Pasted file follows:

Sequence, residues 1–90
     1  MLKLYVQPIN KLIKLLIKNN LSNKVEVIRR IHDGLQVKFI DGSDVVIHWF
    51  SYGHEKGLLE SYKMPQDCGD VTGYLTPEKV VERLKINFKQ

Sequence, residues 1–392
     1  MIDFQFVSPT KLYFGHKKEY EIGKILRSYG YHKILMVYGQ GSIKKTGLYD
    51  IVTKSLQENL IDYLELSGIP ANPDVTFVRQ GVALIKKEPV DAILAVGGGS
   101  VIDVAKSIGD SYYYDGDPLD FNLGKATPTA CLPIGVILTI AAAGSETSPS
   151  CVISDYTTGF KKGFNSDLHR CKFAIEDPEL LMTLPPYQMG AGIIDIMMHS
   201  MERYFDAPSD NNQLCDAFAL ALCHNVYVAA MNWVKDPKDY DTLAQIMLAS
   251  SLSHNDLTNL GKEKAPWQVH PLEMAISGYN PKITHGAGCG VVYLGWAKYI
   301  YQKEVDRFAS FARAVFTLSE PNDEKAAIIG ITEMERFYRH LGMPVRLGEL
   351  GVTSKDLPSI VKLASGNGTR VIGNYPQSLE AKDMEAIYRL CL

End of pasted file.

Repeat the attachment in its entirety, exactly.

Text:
Sequence, residues 1–90
     1  MLKLYVQPIN KLIKLLIKNN LSNKVEVIRR IHDGLQVKFI DGSDVVIHWF
    51  SYGHEKGLLE SYKMPQDCGD VTGYLTPEKV VERLKINFKQ

Sequence, residues 1–392
     1  MIDFQFVSPT KLYFGHKKEY EIGKILRSYG YHKILMVYGQ GSIKKTGLYD
    51  IVTKSLQENL IDYLELSGIP ANPDVTFVRQ GVALIKKEPV DAILAVGGGS
   101  VIDVAKSIGD SYYYDGDPLD FNLGKATPTA CLPIGVILTI AAAGSETSPS
   151  CVISDYTTGF KKGFNSDLHR CKFAIEDPEL LMTLPPYQMG AGIIDIMMHS
   201  MERYFDAPSD NNQLCDAFAL ALCHNVYVAA MNWVKDPKDY DTLAQIMLAS
   251  SLSHNDLTNL GKEKAPWQVH PLEMAISGYN PKITHGAGCG VVYLGWAKYI
   301  YQKEVDRFAS FARAVFTLSE PNDEKAAIIG ITEMERFYRH LGMPVRLGEL
   351  GVTSKDLPSI VKLASGNGTR VIGNYPQSLE AKDMEAIYRL CL